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Get on the Bus (15). Spike Lee's independently financed labour of love follows the eventful bus journey of a group of black men from South Central, Los Angeles traveling to 1995's Million Man March in Washington DC. Reggie Rock Blythewood's script assembles a cross-section of passengers which is diverse to the point of being tokenistic: a pompous actor (Andre Braugher); a melancholy old-timer (Ossie Davis); a mixed-race cop (Roger Guenveur Smith); a newly reunited, emotionally alienated father and son; a former gang member; an aspiring film-maker (a Spike Lee in the making, no less); and, perhaps most surprisingly, a gay couple on the outs. Lee stages numerous confrontations and conciliations, some more telling than others, and winds up with a convincing portrait of black male solidarity. The conclusion is strange and uncomfortably heavy-handed, but for the most part, the film successfully alternates blunt urgency and infectious breeziness.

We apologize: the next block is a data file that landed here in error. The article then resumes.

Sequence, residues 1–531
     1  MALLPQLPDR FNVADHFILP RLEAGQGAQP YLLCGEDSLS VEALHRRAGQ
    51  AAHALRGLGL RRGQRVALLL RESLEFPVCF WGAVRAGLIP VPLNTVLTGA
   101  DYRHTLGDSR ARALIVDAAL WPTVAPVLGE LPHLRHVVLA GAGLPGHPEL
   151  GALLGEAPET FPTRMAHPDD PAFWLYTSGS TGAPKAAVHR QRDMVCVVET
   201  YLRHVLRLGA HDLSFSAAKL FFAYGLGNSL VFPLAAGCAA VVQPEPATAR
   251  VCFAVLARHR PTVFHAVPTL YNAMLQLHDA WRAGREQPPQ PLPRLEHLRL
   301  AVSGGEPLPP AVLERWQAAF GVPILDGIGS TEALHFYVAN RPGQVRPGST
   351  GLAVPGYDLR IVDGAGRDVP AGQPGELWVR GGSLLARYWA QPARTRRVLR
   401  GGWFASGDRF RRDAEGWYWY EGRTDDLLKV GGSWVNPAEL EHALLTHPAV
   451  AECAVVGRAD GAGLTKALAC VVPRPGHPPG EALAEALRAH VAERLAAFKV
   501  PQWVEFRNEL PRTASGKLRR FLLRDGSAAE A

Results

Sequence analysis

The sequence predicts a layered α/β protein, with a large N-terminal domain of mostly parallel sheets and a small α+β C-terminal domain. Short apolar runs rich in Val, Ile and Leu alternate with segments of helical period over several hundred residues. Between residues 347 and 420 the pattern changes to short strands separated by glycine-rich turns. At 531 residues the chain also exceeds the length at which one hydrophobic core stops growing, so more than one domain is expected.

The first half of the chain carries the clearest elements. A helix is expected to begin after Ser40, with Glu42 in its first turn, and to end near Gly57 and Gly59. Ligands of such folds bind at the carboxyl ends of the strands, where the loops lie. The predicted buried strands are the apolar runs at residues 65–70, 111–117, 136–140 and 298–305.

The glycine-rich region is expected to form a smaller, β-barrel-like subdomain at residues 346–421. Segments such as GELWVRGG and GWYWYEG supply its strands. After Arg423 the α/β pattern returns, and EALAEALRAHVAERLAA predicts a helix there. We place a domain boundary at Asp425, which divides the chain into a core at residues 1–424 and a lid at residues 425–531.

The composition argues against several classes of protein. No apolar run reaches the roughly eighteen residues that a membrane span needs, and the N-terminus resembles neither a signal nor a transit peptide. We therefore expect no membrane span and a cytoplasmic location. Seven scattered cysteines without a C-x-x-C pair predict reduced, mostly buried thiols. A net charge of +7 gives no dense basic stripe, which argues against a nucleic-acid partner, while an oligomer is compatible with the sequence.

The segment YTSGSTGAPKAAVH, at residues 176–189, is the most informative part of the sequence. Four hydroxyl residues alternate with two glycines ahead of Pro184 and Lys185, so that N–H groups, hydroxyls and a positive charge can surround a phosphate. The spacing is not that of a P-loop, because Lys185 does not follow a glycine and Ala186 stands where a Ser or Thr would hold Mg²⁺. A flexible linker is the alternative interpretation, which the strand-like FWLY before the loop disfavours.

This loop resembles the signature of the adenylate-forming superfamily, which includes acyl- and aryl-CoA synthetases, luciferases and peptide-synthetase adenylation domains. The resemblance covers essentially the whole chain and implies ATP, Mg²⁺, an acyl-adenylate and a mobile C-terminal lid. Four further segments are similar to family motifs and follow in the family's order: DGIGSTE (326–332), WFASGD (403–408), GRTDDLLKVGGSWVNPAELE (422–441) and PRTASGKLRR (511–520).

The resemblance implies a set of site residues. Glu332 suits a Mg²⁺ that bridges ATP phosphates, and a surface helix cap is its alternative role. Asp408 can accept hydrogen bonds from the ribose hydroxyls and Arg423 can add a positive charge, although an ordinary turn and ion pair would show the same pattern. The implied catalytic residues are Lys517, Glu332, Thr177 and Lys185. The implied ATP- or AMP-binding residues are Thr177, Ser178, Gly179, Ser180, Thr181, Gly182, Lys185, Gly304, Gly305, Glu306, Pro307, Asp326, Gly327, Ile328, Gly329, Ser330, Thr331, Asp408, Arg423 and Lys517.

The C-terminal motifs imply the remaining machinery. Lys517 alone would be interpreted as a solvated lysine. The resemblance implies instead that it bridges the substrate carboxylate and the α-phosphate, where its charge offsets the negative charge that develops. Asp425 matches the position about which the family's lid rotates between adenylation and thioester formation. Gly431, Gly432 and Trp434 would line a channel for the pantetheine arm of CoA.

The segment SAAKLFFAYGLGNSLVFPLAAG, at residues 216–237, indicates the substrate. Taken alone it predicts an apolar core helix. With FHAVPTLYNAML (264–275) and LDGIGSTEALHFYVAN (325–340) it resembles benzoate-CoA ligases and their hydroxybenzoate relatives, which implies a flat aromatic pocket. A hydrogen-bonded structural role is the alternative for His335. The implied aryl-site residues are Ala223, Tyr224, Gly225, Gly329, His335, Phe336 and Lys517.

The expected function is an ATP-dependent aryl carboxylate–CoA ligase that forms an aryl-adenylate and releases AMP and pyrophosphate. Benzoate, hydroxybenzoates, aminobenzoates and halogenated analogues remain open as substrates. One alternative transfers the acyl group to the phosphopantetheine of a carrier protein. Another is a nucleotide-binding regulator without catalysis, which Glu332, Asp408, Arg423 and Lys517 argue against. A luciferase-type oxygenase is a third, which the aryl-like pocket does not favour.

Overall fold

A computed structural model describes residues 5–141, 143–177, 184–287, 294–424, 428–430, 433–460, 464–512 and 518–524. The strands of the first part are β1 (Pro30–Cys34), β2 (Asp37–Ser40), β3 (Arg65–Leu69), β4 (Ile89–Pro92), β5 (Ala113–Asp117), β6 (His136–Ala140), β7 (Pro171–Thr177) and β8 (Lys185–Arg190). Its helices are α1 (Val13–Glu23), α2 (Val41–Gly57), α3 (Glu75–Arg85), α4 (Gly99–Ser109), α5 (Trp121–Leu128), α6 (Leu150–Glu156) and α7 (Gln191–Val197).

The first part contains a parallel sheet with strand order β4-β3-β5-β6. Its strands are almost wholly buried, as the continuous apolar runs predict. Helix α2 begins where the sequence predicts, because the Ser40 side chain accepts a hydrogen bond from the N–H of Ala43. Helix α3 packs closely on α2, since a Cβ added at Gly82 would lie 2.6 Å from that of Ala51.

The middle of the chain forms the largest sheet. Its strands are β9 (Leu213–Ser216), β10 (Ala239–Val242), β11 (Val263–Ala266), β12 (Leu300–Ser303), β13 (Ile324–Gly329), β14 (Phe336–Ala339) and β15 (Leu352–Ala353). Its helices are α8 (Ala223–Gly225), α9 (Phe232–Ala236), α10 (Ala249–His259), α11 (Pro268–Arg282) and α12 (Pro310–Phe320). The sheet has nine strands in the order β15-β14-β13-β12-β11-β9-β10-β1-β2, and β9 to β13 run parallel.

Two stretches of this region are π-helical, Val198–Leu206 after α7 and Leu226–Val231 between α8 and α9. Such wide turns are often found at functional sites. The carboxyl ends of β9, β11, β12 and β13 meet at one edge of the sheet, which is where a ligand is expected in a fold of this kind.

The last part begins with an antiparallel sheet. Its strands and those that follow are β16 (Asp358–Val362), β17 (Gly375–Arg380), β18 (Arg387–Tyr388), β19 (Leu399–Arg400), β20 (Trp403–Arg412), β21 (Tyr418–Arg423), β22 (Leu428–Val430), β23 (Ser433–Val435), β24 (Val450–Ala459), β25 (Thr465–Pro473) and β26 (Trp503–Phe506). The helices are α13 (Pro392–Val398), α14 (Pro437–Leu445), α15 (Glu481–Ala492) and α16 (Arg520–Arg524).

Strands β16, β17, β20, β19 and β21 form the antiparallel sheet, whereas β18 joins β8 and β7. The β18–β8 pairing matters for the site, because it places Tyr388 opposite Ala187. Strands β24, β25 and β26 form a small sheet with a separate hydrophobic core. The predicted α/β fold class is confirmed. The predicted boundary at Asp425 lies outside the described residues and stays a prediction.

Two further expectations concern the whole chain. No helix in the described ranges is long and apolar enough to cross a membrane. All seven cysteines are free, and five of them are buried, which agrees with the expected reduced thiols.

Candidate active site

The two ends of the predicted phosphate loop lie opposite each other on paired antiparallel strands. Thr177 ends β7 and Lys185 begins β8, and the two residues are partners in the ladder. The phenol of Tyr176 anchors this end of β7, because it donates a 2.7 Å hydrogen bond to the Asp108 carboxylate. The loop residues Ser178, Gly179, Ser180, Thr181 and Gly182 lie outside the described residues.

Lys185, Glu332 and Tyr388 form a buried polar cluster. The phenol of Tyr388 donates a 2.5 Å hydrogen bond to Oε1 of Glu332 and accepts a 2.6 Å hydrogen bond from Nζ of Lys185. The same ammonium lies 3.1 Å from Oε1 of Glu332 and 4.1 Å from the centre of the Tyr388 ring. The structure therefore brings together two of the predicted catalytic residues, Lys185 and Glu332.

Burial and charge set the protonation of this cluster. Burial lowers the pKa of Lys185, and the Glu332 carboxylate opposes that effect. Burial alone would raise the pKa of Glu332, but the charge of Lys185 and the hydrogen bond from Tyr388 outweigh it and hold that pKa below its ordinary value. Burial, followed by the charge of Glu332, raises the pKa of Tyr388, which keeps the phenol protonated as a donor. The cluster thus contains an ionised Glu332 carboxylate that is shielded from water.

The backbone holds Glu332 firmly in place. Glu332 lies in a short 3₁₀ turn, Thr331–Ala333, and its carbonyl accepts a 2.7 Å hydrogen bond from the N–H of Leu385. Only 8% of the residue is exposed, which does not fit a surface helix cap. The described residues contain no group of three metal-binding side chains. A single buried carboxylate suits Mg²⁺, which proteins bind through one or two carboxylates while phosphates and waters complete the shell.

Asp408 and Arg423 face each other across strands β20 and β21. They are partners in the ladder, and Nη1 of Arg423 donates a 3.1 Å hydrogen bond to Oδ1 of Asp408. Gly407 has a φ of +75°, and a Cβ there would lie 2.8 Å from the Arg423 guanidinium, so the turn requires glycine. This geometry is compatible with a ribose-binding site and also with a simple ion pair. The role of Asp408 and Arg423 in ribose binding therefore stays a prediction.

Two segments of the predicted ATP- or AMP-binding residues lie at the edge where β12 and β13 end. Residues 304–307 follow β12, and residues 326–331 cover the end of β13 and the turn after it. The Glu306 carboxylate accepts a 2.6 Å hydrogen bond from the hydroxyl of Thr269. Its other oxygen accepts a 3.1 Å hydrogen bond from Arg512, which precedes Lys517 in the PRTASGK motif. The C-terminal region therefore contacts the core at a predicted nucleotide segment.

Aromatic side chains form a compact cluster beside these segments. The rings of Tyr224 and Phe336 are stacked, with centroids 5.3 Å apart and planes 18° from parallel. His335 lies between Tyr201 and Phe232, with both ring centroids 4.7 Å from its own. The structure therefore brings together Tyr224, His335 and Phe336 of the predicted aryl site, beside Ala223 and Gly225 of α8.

Bang (18). This intermittently interesting low-budget debut from British- born, LA-based director Ash explores issues of identity and power from the perspective of an Asian American woman (Darling Narita) who dons a policeman's uniform for a day. There are significantly more ideas here than in your average indie, even if they're not all thought through with equal clearheadedness.

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